It's super-technical and back-office, but when media planners
allocate money, they use software, and Mr. Harnevo believes the
move will allow advertisers to TV dollars to video elsewhere
seamlessly, if they choose to do so. More back-office: they are
doing it through a video ad server called FreeWheel, which will
soon assist other publishers to access Mediaocean software.
That, combined with Nielsen online campaign ratings, will mean
TV can be compared to digital video on the apples-to-apples basis
of reach and frequency, rather than web metrics like views or time
More than $150 billion in ad spending is processed through
Mediaocean, including plenty of TV budgets. "We feel this is the
time to merge the industries if the content is good," Mr. Harnevo
The truth is that while adland lines up for the so-called
NewFronts, the dollar amounts actually spent on digital inventory
ahead of time are very small, pulled mostly from existing digital
budgets and not from TV. "There is little urgency to change this
because the scale of web video remains small," wrote Brian Wieser,
an analyst at Pivotal Research and former forecasting director at
Magna Global. "Recent data from Nielsen indicates that
desktop/laptop viewing of video indicates equaled 4.3% of TV
viewing among the people watching any online video, and 2.5% of
total TV viewing."
That doesn't include connected TV viewing, but you get the
But that doesn't also mean that friction isn't also an issue.
One of the reasons TV gets the dollars is because its easy to buy
compared to video. If video can't be compared on a like basis it
has little chance of breaking into the truly big budgets, no matter
how many viewers it starts to attract.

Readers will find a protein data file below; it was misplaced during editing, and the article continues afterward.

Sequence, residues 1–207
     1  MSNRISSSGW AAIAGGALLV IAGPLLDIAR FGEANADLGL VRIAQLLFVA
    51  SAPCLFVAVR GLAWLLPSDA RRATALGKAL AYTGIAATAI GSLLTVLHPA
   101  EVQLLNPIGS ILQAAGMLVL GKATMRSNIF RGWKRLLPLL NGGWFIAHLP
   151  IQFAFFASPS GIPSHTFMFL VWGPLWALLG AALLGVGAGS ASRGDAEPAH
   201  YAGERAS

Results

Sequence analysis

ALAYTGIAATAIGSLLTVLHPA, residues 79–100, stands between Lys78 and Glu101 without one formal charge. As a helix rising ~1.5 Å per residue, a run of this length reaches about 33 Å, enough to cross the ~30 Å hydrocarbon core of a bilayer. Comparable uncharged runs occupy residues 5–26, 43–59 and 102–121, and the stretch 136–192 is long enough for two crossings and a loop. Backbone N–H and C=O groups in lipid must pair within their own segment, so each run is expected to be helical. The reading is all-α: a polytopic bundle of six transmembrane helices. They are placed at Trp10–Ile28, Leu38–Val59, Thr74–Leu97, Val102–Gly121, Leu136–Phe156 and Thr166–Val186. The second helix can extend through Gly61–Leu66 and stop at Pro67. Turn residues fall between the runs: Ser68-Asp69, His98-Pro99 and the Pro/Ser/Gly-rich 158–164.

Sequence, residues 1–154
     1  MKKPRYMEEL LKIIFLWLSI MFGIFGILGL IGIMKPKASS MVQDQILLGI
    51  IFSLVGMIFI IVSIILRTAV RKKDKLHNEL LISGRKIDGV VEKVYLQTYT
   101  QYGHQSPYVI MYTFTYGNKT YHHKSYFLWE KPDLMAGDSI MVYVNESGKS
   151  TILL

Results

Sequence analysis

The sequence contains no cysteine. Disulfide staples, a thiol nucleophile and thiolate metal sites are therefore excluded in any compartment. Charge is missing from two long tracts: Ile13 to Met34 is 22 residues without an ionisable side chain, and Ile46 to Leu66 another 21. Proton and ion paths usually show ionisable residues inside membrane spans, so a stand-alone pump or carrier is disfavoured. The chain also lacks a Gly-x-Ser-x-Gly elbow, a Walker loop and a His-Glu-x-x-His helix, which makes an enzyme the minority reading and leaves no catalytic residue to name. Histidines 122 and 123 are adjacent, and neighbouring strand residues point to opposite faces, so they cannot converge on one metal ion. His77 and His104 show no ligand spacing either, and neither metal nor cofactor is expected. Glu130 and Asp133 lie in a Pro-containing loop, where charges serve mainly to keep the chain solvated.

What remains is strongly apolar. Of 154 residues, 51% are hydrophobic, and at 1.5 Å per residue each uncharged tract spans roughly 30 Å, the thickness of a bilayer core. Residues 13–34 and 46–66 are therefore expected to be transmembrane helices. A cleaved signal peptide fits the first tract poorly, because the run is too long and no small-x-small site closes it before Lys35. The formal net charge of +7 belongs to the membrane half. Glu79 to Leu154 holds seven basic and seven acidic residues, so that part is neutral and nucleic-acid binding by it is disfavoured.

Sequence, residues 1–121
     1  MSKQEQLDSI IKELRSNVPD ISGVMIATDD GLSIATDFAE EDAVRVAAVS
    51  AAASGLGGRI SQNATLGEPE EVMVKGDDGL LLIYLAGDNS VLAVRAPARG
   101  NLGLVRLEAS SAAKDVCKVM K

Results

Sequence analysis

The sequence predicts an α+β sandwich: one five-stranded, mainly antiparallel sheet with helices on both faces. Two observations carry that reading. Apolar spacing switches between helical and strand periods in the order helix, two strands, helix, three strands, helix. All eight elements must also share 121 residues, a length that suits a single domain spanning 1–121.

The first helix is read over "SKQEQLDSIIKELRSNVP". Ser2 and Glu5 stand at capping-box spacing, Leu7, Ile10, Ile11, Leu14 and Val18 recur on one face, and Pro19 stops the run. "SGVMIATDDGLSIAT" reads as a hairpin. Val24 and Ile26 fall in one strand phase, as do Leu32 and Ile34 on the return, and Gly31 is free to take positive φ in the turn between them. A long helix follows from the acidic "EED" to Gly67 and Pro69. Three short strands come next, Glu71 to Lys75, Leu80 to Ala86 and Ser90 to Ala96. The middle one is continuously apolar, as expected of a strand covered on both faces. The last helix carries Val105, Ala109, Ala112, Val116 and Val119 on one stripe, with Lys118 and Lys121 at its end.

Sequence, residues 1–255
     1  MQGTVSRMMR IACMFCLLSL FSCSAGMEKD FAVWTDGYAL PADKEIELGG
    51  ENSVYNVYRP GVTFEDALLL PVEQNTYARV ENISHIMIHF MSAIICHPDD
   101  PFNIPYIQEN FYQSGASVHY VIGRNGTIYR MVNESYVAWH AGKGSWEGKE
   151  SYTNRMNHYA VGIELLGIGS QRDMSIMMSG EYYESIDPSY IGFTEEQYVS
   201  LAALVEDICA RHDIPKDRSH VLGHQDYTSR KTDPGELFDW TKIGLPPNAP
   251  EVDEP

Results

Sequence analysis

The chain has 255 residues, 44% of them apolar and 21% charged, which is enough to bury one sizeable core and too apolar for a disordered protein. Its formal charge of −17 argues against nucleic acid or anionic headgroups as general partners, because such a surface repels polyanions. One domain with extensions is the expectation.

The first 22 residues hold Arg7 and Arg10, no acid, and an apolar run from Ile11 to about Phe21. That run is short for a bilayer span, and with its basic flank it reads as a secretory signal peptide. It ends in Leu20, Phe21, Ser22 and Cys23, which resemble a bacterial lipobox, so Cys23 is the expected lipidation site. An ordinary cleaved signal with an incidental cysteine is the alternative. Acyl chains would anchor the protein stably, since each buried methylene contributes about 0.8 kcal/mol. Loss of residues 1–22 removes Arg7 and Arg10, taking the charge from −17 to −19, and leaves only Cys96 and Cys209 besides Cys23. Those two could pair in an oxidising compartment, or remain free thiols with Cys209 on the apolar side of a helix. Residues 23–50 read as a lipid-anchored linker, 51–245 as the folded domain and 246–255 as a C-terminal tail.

On the content front, AOL bought the rights to a film sure to
attract nerds of a certain age: "Downloaded: The Story of Napster,"
produced by Napster founder Sean Fanning and partner Sean Parker,
which comes to theaters in June. AOL plans to cut it up into
web-sized bites and like everything it does in video, distribute
across the 5Min network it bought three years ago.
The company announced 15 different original series today with
celebrities like Sarah Jessica Parker, who is executive producer of
"City.Ballet," Nicole Richie, whose Twitter feed takes center stage
in #CandidlyNicole, and Gwyneth Paltrow, who will interview women
overcoming hardship in "Second Chances." Hank Azaria will document
his own life as a first-time father in "Fatherhood."
That and Monday AOL announced that its daily live online news
network Huffpost Live will be carried on Mark
Cuban's AXS TV cable network. "AOL has never produced content
at such scale," Mr. Harnevo said.
For brands wishing to create and distribute their own content,
AOL is launching Be On, a production studio and distribution
network across the web, mobile and connected TVs.